A rare total solar eclipse occurs August 21, 2017, and The Children’s Museum of Indianapolis is a perfect place for families and children to view it together while science educators explain the phenomenon of the moon moving across the sun, which creates a nighttime experience in the middle of the afternoon.
Not since 1979 has a total solar eclipse occurred in the continental United States, and the next one won’t happen again until 2024. Although the path of totality crosses just south of us in Kentucky, Hoosiers are expected to see a significant eclipse beginning at 1:00 p.m. (EST), with the maximum eclipse approximately 2:30 p.m. (EST).
Visitors to The Children’s Museum will be provided with free, safe eclipse-viewing glasses and will gather together on museum grounds with staff scientists who will discuss the spectacle and answer questions from curious little learners and their grownups.
“Providing scientific context, content, and opportunities for our visitors to delve deeper into STEM (science, technology, engineering, mathematics) is the exciting result of the museum’s recent establishment of the Heritage Group Center for Family Learning in STEM,” said Dr. Jeffrey H. Patchen, president and CEO, The Children’s Museum. “Out-of-this-world exhibits including Beyond Spaceship Earth and the Schaefer Planetarium and Space Object Theater encourage our young visitors to reach for the stars.”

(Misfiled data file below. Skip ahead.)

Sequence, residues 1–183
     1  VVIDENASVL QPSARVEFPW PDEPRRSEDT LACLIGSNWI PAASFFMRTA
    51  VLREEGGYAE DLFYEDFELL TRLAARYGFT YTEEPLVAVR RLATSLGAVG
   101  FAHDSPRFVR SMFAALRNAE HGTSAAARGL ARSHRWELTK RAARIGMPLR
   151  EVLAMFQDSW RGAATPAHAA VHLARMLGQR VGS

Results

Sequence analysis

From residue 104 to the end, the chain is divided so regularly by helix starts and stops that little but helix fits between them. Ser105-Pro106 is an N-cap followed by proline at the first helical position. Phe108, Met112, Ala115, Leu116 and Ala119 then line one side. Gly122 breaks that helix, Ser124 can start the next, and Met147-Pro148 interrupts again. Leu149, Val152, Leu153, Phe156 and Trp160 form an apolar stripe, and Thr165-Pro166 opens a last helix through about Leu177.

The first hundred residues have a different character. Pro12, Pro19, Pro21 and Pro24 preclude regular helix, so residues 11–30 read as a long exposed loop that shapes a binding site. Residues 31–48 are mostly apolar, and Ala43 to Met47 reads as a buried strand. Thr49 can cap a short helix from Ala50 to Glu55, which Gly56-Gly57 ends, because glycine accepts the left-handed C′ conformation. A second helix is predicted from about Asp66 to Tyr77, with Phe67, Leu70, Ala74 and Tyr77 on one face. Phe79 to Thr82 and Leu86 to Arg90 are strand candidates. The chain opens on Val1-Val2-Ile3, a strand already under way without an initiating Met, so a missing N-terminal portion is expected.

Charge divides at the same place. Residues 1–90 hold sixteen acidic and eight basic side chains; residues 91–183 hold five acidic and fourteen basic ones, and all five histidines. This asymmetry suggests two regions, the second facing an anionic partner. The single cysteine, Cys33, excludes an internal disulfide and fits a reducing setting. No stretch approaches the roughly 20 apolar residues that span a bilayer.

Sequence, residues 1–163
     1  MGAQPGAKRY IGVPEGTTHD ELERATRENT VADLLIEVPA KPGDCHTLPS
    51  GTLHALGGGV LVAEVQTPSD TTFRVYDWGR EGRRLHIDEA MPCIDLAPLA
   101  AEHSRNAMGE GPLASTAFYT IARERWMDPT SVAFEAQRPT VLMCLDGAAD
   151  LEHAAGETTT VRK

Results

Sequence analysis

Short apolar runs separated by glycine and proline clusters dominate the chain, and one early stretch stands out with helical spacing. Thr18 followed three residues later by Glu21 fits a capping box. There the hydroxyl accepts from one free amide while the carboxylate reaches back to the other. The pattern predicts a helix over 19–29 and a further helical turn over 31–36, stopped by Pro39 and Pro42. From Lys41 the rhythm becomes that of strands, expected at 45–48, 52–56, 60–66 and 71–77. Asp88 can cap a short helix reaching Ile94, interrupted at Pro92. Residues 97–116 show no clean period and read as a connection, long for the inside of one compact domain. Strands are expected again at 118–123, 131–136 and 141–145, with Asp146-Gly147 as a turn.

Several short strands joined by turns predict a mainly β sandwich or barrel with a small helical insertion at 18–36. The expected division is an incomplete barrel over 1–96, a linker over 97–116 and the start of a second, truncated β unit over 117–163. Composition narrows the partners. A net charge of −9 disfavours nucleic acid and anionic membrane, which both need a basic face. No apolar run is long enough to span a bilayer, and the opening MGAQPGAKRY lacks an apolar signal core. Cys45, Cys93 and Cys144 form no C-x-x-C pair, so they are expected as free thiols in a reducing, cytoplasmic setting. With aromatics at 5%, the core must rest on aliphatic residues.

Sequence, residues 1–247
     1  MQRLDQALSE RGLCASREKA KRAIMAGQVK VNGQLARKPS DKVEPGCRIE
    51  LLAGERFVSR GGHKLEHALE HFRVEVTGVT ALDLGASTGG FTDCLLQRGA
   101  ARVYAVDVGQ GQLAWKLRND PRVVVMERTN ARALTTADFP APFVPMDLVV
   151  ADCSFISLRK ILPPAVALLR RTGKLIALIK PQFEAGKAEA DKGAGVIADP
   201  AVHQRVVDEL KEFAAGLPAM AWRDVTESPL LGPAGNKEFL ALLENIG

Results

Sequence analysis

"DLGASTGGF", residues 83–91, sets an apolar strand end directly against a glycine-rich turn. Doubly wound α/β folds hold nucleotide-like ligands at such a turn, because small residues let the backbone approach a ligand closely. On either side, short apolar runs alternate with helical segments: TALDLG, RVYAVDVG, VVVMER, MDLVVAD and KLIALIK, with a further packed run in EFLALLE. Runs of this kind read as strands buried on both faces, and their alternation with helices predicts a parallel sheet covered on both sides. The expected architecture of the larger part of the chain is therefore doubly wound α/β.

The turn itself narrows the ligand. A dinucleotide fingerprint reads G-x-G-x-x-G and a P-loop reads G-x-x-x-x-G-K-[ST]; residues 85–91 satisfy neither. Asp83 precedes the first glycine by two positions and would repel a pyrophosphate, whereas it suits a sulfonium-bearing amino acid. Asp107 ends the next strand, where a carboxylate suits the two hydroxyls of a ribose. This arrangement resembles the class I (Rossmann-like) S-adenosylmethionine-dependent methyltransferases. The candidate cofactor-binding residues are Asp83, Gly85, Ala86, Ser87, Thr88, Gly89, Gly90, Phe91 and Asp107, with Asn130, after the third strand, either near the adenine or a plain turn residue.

On weekend days from now through the morning of the total solar eclipse, children and families can learn much more about the astrological event by visiting the museum’s STEMLab to participate in a special program called Shadow of the Moon. Visitors can learn what causes this rare event, and how to view an eclipse safely. All participants will receive a pair of eclipse glasses. Both the Shadow of the Moon program and the opportunity to view the eclipse with museum science educators are free with general admission.